GST Ready India

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GST should translate into freer highways

May 12, 2017

The Goods and Services Tax (GST) will be implemented this year. The new law is expected to help the overall growth of economy and a softening in prices and may even translate into a 2% GDP growth, according to experts. Besides making taxation simpler, the GST will impact all industries, of which the most remarkable effect is expected to be on transport and highways.

India’s logistics industry is worth over $130 billion and is critical to the country’s plans to mature into an economic superpower. However, it wouldn’t be possible unless a more efficient logistics industry is in place. The GST is expected to remove bottlenecks in the full-fledged development of logistics infrastructure and lead to smoother transport system. The GST would replace the obsolete and inefficient transport system of yore that was built around the state taxation system.

How the GST will remove the clutter from India’s highways

Logistics should ideally make commercial activities efficient, but it is caught in the web of complex rules and regulations. There is a lot of paper work involved that impedes the flow of goods. Transporters are required to have in their possession hard copies of invoice as well as various forms.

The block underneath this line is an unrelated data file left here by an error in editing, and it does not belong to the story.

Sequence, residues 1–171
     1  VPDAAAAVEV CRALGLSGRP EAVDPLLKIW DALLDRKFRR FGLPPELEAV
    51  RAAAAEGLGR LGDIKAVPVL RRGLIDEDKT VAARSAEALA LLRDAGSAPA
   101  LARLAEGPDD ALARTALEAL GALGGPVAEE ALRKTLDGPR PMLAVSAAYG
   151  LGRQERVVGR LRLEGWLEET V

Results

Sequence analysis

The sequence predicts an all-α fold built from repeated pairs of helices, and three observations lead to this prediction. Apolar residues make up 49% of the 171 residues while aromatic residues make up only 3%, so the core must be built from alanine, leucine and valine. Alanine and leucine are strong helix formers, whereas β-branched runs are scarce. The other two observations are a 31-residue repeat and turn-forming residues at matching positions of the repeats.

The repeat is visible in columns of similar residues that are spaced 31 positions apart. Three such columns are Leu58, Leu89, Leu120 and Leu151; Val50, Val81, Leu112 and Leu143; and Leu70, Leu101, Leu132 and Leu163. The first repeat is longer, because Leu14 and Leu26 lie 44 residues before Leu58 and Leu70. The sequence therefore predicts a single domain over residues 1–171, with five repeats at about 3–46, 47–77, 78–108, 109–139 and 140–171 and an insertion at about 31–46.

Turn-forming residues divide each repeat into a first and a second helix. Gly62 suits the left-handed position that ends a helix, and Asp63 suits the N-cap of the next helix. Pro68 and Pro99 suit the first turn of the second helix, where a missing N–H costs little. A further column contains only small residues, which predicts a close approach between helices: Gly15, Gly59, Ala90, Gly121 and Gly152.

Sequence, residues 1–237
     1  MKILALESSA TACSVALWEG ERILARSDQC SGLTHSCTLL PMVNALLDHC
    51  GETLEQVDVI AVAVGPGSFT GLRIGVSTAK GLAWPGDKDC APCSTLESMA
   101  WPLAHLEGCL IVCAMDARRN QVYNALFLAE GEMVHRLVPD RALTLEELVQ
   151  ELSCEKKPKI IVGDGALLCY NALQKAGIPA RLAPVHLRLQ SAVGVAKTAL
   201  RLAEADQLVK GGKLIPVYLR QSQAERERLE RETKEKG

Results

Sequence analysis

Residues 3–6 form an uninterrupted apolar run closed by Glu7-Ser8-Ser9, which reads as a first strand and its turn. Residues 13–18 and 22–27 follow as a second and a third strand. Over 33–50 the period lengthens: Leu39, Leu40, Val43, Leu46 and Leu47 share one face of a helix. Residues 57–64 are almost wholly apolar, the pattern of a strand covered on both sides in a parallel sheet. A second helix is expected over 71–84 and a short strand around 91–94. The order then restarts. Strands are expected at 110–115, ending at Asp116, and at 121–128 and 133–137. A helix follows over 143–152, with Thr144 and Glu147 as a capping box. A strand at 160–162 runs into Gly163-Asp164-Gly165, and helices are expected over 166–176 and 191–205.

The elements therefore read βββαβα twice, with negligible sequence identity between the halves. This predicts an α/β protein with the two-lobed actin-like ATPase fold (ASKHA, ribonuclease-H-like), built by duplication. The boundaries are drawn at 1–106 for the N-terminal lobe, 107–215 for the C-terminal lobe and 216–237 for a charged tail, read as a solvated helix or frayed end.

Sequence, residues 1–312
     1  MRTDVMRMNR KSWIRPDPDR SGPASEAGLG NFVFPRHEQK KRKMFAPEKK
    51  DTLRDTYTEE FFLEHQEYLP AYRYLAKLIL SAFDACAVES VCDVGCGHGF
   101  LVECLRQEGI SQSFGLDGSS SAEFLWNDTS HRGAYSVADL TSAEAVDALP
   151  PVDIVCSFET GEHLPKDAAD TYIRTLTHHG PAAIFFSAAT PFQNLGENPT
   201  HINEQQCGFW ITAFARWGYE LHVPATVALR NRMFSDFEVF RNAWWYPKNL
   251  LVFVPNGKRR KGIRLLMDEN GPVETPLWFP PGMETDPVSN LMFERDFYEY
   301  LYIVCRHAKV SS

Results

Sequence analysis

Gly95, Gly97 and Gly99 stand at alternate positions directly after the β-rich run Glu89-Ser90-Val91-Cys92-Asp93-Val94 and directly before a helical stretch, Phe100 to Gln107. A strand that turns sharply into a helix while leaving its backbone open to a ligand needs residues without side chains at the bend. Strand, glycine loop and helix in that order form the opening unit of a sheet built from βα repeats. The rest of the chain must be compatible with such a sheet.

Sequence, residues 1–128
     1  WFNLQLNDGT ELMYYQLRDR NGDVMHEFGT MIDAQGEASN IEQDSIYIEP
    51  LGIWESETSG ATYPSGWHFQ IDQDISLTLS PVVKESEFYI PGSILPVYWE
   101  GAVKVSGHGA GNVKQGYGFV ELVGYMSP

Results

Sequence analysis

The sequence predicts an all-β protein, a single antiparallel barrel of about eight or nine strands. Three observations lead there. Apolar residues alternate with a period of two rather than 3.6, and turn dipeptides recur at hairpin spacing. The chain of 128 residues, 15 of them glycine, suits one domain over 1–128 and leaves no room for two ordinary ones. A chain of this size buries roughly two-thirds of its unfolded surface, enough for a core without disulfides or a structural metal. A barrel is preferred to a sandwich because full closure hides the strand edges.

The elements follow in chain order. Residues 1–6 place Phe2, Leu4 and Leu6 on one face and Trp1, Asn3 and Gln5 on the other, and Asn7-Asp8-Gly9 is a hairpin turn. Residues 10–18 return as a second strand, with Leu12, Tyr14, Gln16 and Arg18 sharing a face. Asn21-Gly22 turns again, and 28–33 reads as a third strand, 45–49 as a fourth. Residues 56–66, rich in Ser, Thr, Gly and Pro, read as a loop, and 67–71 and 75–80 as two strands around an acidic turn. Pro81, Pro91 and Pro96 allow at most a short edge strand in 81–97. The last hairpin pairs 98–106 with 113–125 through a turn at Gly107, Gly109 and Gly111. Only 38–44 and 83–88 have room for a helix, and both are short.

All this leads to enormous delays. The GST, however, will eliminate queues at the state border checkpoints. Documentation will be simplified. All this should cut down the high average waiting time and stoppages on highways. With a single GST in place, monitoring and collection of sales tax at interstate barriers would be obviated.

A survey estimates that if the waiting time of trucks at various interstate checkpoints is reduced by half, it will lead to an additional 8% trucks on highways. The GST could translate into increased up-time for trucks, decrease in idle hours, better turnaround times and optimized warehousing structure.

“The GST eliminates double taxation and enables shared national market. This leads to better collections, which would be good both for the government as well as the logistics industry. Most importantly, the highways will serve their purpose of being the arteries of the country’s development,” said an official of a technology company.

This article was first published on LinkedIn by Muqbil Ahmar

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